Health bunnies can’t fail to have noticed how Ayurveda (the ancient Indian approach to wellness) is increasingly influencing our daily routines. Lattes and porridge laced with the golden herb, Turmeric; the idea of ‘oil pulling’ i.e. swishing our mouths with sesame or coconut oil; ghee (revered as a precious superfood in India) as the ‘good fat’ of choice.
In a way this is a natural extension of the interest in yoga, since Ayurveda stems from the same knowledge base – the Vedas, a vast body of ancient texts covering all aspects of living life to the full from exercise, eating and meditation practices through to astrology and architecture. But what does Ayurveda mean? Directly translated, the word ‘Ayur’ means life and ‘Veda’ knowledge, and generally could be described as a holistic approach to healthy living and longevity. A renowned Vaidya (Ayurvedic Doctor) I met in India recently had a very simplified and practical explanation – that it is a way of extending life mainly through good food and sleep.
To understand a little more, Ayurveda identifies three main elements or ‘doshas’ in our bodies: Vata, Pitta, Kapha. Vata being air, the nervous system, transportation of everything in the body including brain signals. It’s the driver of all the other systems, of movement and life. Pitta is the fire, ‘Agni’ heat and is all about digestion and Kapha earth, water, the connectivity and structure in the body. The theory is that when all three are in balance, we will be in peak condition.
Though we have all three doshas within us, each of us tends to have one or two predominant ones which create our constitution and it can be useful to know in order to help us identify our health ‘weaknesses’. There are lots of online questionnaires to do this – here’s a good example: www.mapi.com/doshas/dosha-test/index.html
This gives us a bit of insight, but it’s not necessary to get too fixed on what ‘type’ you are, as the balance is very delicate and constantly changing depending on the time of day, the season and our lifestyle. The good news is that while we don’t have to understand the intricacies of our doshas, we can use some of the more obvious patterns to generally maintain balance. For example 6-10 am and pm are Kapha times of day, 10-2pm Pitta and 2-6pm Vata. So it makes sense then to eat our biggest meal at lunch time when Pitta – digestive fire – is up. Kapha is the slowing down, the repair of the system so early morning and and early evening are good times to relax, meditate, rest. And 2-6pm time of energy and focus. Seasonally Kapha is associated with Spring, Pitta with Summer and Vata with Autumn/Winter. So, as the cooler weather approaches, we’ll naturally be drawn to Vata pacifying hot, cooked foods, and sweet, warming spices such as cardamom, cinnamon and cloves.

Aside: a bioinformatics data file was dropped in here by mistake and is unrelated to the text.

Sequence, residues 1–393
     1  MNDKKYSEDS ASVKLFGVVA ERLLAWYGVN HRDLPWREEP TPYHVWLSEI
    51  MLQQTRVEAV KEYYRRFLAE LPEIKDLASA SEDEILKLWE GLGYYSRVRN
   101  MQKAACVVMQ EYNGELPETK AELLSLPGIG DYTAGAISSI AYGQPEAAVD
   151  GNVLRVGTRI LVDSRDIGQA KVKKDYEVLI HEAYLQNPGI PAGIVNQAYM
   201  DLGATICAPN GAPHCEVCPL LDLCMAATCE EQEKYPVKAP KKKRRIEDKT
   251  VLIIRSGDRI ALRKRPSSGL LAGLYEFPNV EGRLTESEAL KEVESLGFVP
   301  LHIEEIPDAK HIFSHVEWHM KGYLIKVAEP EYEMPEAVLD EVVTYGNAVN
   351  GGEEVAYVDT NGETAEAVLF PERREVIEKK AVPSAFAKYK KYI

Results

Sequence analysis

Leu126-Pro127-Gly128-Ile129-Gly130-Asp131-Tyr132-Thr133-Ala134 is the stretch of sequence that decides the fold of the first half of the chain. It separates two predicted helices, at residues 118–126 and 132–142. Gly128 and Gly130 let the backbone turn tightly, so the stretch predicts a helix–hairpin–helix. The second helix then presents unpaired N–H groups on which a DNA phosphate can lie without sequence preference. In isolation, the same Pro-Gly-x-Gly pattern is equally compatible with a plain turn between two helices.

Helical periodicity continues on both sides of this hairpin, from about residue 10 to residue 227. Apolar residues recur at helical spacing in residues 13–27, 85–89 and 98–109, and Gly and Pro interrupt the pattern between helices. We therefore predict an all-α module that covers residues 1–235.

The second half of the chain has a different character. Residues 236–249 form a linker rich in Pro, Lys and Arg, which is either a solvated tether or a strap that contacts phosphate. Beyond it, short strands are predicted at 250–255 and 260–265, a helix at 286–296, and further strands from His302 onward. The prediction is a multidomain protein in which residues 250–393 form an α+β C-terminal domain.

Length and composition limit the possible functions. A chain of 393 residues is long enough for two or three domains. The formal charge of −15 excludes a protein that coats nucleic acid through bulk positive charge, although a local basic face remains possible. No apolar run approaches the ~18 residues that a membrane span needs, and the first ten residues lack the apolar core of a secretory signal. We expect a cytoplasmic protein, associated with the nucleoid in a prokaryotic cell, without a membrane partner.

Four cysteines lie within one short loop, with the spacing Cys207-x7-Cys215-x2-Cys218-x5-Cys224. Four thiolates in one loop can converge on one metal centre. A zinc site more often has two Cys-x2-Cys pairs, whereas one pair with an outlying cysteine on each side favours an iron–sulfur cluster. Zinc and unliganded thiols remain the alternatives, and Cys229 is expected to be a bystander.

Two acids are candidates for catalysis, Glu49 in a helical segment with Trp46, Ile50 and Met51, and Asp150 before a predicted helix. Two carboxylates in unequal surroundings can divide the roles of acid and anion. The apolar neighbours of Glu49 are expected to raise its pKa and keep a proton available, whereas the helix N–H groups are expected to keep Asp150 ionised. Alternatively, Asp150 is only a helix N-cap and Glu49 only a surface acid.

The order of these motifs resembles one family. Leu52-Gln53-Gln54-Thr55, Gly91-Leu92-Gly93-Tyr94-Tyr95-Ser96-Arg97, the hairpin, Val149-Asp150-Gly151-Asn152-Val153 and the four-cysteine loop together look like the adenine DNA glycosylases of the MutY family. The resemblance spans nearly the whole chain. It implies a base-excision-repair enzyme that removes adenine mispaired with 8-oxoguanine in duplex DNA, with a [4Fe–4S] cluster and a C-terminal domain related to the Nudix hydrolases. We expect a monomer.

Keep in mind that even if you don’t come out as Vata dominant, on the whole, it’s a case of making sure our Vata is pacified, since it’s the leader in the body and gets pushed up with when travelling and via the stresses and strains of our 24/7 lifestyles, as well as naturally increasing as we get older. Some of the signs that Vata is out of balance are dry skin, wrinkles, anxiety, poor sleep and lack of focus – sounds familiar!?. So, as well as the above eating advice, make an effort to keep a regular routine of three meals a day, go for liquid foods rather than dry (soups, stews, porridge, hot nourishing milky drinks) and try to have time your last meal at least 3 hours before bed, so there’s time to digest which helps to improve sleep. Keep snacking to a minimum (the theory being it over stimulates the stomach acids), but if you are hungry between meals, have nuts, stewed or ripe fruits.
To me this all makes sense, and I’ve definitely noticed an improvement in my digestion, sleep, and general resilience since sticking to the overall principles as much as possible. Interestingly, although I do practice oil pulling, and I use turmeric and ghee in cooking, recently I learned there are three very simple ways to help maintain equilibrium on a daily basis:
- For Vata, practice self-massage (known as Abhyanga) with either Sesame or Coconut Oil. This calms the nerves, moisturises skin and lubricates joints, tones muscles, increases energy in the day and encourages better sleep at night. Although it may seem a faff, it takes just 10 minutes before you shower or bath. Pre-heat the oil by standing the bottle in a bowl of hot water, or simply warm in your hands. Before showering or bathing, take a generous amount of oil in your palms, gently rub into your hands, and begin. Start at your feet and use fingers to manipulate the toe joints and work your way around the soles with your thumbs in circular movements. Use longer strokes to work your way up your legs, gently kneading the buttocks and moving around your belly in a clockwise, circular motion. Massage fingers and hands, again working into the joints, then stroke up along the arms towards the chest and heart. Finish by working oil into your scalp, hair and face (most pure organic oils will be fine on the face, if you’re unsure, use a specific facial oil). Step into the shower and rinse off excess.
- For Pitta, drink Lassi after your main meal at lunchtime. The Ayurvedic version of a probiotic, it helps with digestion and gut health. It’s easy to make – try this simple sweet version: 1/3 cup organic yogurt or kefir or coconut yogurt (if you’re dairy-free); 2/3 cup warm, purified water; 1 to 3 teaspoons of honey or agave (although if you are Kapha, choose less sweetener); pinch of cardamom; pinch of cinnamon. Blend all ingredients with a whisk or hand blender. Adjust spices to taste.
- For Kapha, sip hot water throughout the day. Hot water digests in half the time of cool or cold and it keeps the bodily vessels are dilated, encouraging waste movement.